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Frequently Asked Questions about YUPO

As always, feel free to contact us with any unanswered questions! 

Is YUPO archival when used with oil paints?

YUPO is a totally inert material and therefore is completely archival. However, the composition of the oils being used will ultimately determine the painting's overall longevity.

Does YUPO yellow with UV exposure?


Is there anything I can do to prevent YUPO from turning yellow?

Use a sealant only when your work is complete, as rework and touch-ups on YUPO become difficult to do after sealing. Acrylic varnishes form a non-yellowing, durable plastic skin that bonds permanently to the artwork. These varnishes cannot be removed, but can be painted over with acrylic paint.

We recommend using a high quality acrylic non-yellowing varnish on YUPO, such as Lascaux Fixativ. Lascaux Fixativ is a transparent, pure, thermoplastic, acrylic resin fixative that has proven successful for many uses, especially for conservation. Lascaux Fixativ is suitable for fixing pencil, charcoal, pastels, wax crayons, watercolors, Indian ink, tempera, photos, lithographs, art prints, rub letters, gold leaf, etc.

Since YUPO is not inkjet or laser compatible, what is the best way to transfer words onto the paper?

There are a variety of processes available and the one that seems to work best with YUPO is the DASS ART process. For more information, you can view this page. 

How do I cut YUPO roll paper?

You may use any cutting tool to cut YUPO. Scissors work well, but for a more precise cut you may want to use an Xacto knife.

How do I remove fingerprint oil from YUPO?

Click here for a step by step tutorial on how to remove oil spots on YUPO.

How do I get YUPO to accept watercolor paint?

Occasionally, an area of YUPO will resist watercolor paint. To avoid this, simply add a few drops of oxgall to your paint. To avoid any chipping once the paint is dried, use a fixative/sealant to protect your finished painting on YUPO.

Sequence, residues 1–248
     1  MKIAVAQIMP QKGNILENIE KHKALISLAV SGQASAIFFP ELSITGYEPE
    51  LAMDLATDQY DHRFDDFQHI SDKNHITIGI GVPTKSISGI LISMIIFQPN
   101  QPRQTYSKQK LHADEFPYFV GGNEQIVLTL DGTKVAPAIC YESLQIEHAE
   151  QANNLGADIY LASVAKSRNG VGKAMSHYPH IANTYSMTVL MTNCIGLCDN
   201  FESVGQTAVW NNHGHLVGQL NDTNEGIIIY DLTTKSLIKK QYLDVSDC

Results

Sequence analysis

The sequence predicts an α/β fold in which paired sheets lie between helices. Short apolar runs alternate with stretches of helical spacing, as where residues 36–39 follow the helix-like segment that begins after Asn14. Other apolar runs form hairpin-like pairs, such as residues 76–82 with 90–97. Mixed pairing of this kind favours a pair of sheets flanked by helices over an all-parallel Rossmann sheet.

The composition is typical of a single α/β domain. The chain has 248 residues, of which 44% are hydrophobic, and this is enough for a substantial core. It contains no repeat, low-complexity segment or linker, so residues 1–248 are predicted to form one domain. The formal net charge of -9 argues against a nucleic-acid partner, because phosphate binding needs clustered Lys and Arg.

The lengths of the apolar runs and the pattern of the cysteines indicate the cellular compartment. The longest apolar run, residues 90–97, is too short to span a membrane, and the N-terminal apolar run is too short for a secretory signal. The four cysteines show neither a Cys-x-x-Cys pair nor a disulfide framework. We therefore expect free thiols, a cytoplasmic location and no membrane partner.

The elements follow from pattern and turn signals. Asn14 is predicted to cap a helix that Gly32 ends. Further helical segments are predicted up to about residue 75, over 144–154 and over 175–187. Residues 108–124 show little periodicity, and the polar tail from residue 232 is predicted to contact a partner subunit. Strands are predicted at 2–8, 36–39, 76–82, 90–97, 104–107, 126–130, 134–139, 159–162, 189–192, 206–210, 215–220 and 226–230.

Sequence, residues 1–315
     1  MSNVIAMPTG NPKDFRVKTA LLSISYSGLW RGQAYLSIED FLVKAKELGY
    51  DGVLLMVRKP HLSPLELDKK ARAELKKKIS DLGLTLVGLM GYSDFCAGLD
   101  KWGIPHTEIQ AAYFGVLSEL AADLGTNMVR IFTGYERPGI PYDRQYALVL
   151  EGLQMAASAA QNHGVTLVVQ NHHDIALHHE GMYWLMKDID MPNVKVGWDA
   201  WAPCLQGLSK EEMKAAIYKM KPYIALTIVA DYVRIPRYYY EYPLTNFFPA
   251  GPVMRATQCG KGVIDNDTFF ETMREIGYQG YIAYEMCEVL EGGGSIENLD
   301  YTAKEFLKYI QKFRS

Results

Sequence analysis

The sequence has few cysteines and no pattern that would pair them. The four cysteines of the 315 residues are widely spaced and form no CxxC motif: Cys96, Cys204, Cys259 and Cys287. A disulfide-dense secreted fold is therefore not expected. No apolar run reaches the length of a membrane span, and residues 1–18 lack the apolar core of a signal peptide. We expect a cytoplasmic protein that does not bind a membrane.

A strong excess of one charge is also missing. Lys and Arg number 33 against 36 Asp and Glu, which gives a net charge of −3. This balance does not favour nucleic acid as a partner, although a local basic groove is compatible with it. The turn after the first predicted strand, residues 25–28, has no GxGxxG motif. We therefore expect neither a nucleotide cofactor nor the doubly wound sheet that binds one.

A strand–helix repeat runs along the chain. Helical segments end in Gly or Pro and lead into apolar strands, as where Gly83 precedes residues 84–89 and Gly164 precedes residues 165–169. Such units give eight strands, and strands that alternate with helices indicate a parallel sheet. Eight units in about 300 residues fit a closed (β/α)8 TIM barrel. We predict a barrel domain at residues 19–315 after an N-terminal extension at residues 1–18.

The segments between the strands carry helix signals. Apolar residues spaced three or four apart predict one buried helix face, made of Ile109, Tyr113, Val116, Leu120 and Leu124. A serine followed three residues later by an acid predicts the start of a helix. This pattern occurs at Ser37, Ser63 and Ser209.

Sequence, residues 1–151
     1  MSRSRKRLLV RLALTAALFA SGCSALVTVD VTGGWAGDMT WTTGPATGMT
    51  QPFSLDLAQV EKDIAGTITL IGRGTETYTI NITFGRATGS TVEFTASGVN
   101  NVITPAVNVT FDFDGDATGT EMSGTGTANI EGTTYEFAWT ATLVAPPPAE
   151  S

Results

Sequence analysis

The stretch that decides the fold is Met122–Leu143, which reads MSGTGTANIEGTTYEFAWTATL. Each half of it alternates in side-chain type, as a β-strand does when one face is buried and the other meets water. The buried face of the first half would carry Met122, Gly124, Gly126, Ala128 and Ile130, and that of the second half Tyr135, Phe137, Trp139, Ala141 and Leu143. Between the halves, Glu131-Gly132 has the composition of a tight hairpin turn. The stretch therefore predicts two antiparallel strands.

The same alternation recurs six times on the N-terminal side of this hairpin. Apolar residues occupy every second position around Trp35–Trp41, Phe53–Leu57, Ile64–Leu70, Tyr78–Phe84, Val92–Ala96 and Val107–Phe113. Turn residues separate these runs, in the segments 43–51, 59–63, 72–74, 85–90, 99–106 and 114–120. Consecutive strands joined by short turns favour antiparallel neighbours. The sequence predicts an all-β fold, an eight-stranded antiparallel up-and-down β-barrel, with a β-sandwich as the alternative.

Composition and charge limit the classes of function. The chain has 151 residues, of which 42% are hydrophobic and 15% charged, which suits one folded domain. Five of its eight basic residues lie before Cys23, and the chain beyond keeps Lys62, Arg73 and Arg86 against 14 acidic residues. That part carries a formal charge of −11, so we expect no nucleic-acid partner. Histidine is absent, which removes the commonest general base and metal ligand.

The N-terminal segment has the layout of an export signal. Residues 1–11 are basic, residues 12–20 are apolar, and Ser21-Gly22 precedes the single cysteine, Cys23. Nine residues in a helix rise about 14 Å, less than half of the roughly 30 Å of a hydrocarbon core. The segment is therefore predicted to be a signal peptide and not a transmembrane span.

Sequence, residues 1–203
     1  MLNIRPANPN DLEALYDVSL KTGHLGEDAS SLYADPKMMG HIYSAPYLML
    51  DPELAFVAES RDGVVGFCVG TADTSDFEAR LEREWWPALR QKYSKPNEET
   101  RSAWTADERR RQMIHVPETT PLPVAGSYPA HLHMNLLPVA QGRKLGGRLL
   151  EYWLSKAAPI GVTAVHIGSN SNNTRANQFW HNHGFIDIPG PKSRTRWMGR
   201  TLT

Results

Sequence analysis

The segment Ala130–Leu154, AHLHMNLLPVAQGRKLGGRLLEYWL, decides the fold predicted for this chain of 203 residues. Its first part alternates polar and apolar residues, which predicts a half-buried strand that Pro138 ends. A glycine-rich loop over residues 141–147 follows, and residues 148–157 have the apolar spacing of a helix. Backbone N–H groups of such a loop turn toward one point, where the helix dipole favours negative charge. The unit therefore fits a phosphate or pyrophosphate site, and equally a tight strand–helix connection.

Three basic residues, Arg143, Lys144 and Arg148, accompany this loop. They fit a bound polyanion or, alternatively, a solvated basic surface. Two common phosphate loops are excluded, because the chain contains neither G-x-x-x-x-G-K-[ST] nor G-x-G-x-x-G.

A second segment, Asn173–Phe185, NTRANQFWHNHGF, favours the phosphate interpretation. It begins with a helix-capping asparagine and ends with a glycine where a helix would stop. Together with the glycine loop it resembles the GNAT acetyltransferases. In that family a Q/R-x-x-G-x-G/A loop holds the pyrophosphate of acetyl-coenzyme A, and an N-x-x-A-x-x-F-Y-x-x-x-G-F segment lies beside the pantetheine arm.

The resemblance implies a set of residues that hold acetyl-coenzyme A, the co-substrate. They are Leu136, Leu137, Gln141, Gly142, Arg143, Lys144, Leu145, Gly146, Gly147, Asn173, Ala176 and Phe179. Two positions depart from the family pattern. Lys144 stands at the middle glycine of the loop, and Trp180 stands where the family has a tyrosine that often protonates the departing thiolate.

Is YUPO synthetic paper suitable for laser cutting?

We have seen the following issues regarding laser cuts on YUPO: edge burning, discoloration of edges, melting and distortion. However, this can be prevented if the laser cutting system is capable of controlling temperature and speed.

Is it true that YUPO performs poorly with acrylic paint?

Acrylics can be easier to control on YUPO than watercolor. They do not run as fast. If it is not sticking enough, a small amount of liquid soap may be added. Grease or oil from fingerprints or other sources may impair adhesion. To remove, wash YUPO with soapy water, rinse, and allow to dry. Water does not affect YUPO.

How large can you go with the YUPO paper without it buckling or having ripples when framed and matted? Is there anyway to prevent this from happening?

This is difficult for us to answer as there is no rule of thumb. We have seen large artworks done on YUPO mounted without any ripples, but we don't know if the YUPO was mounted with hinges, archival tape or dry mounted. But it's important to note that even very large works of art done on regular paper will often show rippling (if it's mounted with hinges for example) as the paper expands and contracts over time due to the environment.

Also find below two truly informative articles written by Chris A Paschke, CPF GCF of Designs Ink that appeared in 'Picture Framing Magazine'

“Yupo Part 1: What To Do with Yupo”

“Yupo Part 2: Mounting Synthetic Papers”